Use the interactivity to listen to the bells ringing a pattern. Now
it's your turn! Play one of the bells yourself. How do you know
when it is your turn to ring?
You have been given nine weights, one of which is slightly heavier
than the rest. Can you work out which weight is heavier in just two
weighings of the balance?
An irregular tetrahedron is composed of four different triangles.
Can such a tetrahedron be constructed where the side lengths are 4,
5, 6, 7, 8 and 9 units of length?
Use the interactivity to play two of the bells in a pattern. How do
you know when it is your turn to ring, and how do you know which
bell to ring?
A Sudoku with clues as ratios.
This article for teachers describes several games, found on the
site, all of which have a related structure that can be used to
develop the skills of strategic planning.
The number of plants in Mr McGregor's magic potting shed increases
overnight. He'd like to put the same number of plants in each of
his gardens, planting one garden each day. How can he do it?
Can you put the 25 coloured tiles into the 5 x 5 square so that no column, no row and no diagonal line have tiles of the same colour in them?
A Sudoku based on clues that give the differences between adjacent cells.
There is a long tradition of creating mazes throughout history and across the world. This article gives details of mazes you can visit and those that you can tackle on paper.
Label the joints and legs of these graph theory caterpillars so that the vertex sums are all equal.
A Sudoku with a twist.
The NRICH team are always looking for new ways to engage teachers
and pupils in problem solving. Here we explain the thinking behind
Problem solving is at the heart of the NRICH site. All the problems
give learners opportunities to learn, develop or use mathematical
concepts and skills. Read here for more information.
Different combinations of the weights available allow you to make different totals. Which totals can you make?
A Sudoku that uses transformations as supporting clues.
Find all the ways of placing the numbers 1 to 9 on a W shape, with
3 numbers on each leg, so that each set of 3 numbers has the same
Given the products of diagonally opposite cells - can you complete this Sudoku?
A Sudoku with clues as ratios or fractions.
Four numbers on an intersection that need to be placed in the
surrounding cells. That is all you need to know to solve this
This second Sudoku article discusses "Corresponding Sudokus" which are pairs of Sudokus with terms that can be matched using a substitution rule.
This pair of linked Sudokus matches letters with numbers and hides a seasonal greeting. Can you find it?
Starting with four different triangles, imagine you have an
unlimited number of each type. How many different tetrahedra can
you make? Convince us you have found them all.
Two sudokus in one. Challenge yourself to make the necessary
Label this plum tree graph to make it totally magic!
Can you arrange the numbers 1 to 17 in a row so that each adjacent
pair adds up to a square number?
A 2 by 3 rectangle contains 8 squares and a 3 by 4 rectangle
contains 20 squares. What size rectangle(s) contain(s) exactly 100
squares? Can you find them all?
A Sudoku with clues given as sums of entries.
This sudoku requires you to have "double vision" - two Sudoku's for the price of one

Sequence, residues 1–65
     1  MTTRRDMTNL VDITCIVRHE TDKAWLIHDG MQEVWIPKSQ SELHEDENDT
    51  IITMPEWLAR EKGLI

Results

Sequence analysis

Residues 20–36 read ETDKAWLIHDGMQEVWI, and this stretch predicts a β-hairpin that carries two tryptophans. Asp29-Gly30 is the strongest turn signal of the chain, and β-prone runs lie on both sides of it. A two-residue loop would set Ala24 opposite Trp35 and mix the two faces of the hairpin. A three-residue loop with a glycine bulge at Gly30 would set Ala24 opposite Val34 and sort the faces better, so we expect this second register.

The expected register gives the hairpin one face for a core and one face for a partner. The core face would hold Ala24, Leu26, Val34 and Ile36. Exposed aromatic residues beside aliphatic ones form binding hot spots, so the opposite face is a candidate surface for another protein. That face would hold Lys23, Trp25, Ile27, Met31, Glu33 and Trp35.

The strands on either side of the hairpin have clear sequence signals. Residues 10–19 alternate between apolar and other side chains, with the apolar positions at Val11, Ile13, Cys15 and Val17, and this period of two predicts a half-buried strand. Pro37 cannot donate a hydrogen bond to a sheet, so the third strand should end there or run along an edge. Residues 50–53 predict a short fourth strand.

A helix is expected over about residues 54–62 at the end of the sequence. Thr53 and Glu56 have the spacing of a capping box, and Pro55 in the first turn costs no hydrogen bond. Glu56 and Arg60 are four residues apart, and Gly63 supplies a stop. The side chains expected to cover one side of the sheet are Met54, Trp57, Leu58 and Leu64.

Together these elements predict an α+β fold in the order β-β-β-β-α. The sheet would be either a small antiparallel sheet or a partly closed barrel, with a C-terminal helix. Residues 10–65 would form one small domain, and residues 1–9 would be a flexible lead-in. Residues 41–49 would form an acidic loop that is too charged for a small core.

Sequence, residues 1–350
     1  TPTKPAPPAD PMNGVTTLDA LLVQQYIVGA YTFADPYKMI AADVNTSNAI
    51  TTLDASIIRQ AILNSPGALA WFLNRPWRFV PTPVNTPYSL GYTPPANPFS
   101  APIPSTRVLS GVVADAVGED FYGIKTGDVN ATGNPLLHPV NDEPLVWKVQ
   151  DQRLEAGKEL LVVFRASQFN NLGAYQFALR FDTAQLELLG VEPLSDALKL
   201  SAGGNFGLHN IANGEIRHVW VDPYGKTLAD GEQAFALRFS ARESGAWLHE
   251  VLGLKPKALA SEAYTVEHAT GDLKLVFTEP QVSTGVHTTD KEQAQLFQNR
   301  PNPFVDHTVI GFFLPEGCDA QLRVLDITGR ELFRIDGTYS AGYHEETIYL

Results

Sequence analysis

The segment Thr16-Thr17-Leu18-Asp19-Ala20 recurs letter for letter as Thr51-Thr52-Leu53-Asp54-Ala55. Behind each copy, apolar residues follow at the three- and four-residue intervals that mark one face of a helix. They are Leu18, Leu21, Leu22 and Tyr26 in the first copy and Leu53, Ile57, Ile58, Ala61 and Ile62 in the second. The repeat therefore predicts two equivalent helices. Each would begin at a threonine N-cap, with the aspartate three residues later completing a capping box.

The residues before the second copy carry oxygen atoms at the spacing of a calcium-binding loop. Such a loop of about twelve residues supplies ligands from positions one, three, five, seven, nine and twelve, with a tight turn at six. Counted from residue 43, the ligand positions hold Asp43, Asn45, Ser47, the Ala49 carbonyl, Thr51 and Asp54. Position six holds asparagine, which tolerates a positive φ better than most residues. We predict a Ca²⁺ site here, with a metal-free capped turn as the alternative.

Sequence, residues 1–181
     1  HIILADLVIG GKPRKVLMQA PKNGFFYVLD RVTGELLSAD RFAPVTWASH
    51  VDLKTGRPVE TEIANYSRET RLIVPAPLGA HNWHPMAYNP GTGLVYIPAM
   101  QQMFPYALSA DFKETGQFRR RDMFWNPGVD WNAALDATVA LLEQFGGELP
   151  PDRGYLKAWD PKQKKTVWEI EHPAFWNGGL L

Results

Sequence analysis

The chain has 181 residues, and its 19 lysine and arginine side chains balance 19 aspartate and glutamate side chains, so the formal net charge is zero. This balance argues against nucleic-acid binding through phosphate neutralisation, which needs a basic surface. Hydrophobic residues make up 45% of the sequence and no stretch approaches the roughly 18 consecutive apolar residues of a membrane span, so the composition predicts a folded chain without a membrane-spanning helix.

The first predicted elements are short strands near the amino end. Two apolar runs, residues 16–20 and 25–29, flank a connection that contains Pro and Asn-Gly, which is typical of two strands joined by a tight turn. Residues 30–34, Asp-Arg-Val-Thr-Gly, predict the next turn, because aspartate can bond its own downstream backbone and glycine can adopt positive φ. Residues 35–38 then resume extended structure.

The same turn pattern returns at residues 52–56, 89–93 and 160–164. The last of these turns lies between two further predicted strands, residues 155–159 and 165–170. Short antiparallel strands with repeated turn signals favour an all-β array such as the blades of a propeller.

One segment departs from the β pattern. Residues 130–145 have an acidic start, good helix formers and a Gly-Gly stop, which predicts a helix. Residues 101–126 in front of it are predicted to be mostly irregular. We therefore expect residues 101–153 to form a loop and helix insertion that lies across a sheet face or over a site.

Given the nets of 4 cubes with the faces coloured in 4 colours, build a tower so that on each vertical wall no colour is repeated, that is all 4 colours appear.
Solve this Sudoku puzzle whose clues are in the form of sums of the
numbers which should appear in diagonal opposite cells.
You need to find the values of the stars before you can apply normal Sudoku rules.
Arrange the four number cards on the grid, according to the rules, to make a diagonal, vertical or horizontal line.
A pair of Sudoku puzzles that together lead to a complete solution.
How many different symmetrical shapes can you make by shading triangles or squares?
A Latin square of order n is an array of n symbols in which each symbol occurs exactly once in each row and exactly once in each column.
A cinema has 100 seats. Show how it is possible to sell exactly 100 tickets and take exactly £100 if the prices are £10 for adults, 50p for pensioners and 10p for children.
We're excited about this new program for drawing beautiful mathematical designs. Can you work out how we made our first few pictures and, even better, share your most elegant solutions with us?
There are nine teddies in Teddy Town - three red, three blue and three yellow. There are also nine houses, three of each colour. Can you put them on the map of Teddy Town according to the rules?
First Connect Three game for an adult and child. Use the dice numbers and either addition or subtraction to get three numbers in a straight line.
Can you use your powers of logic and deduction to work out the missing information in these sporty situations?
This is a variation of sudoku which contains a set of special clue-numbers. Each set of 4 small digits stands for the numbers in the four cells of the grid adjacent to this set.
Advent Calendar 2011 - a mathematical activity for each day during the run-up to Christmas.
In this article, the NRICH team describe the process of selecting solutions for publication on the site.
This Sudoku, based on differences. Using the one clue number can you find the solution?
Do you notice anything about the solutions when you add and/or
subtract consecutive negative numbers?
The puzzle can be solved with the help of small clue-numbers which
are either placed on the border lines between selected pairs of
neighbouring squares of the grid or placed after slash marks on. . . .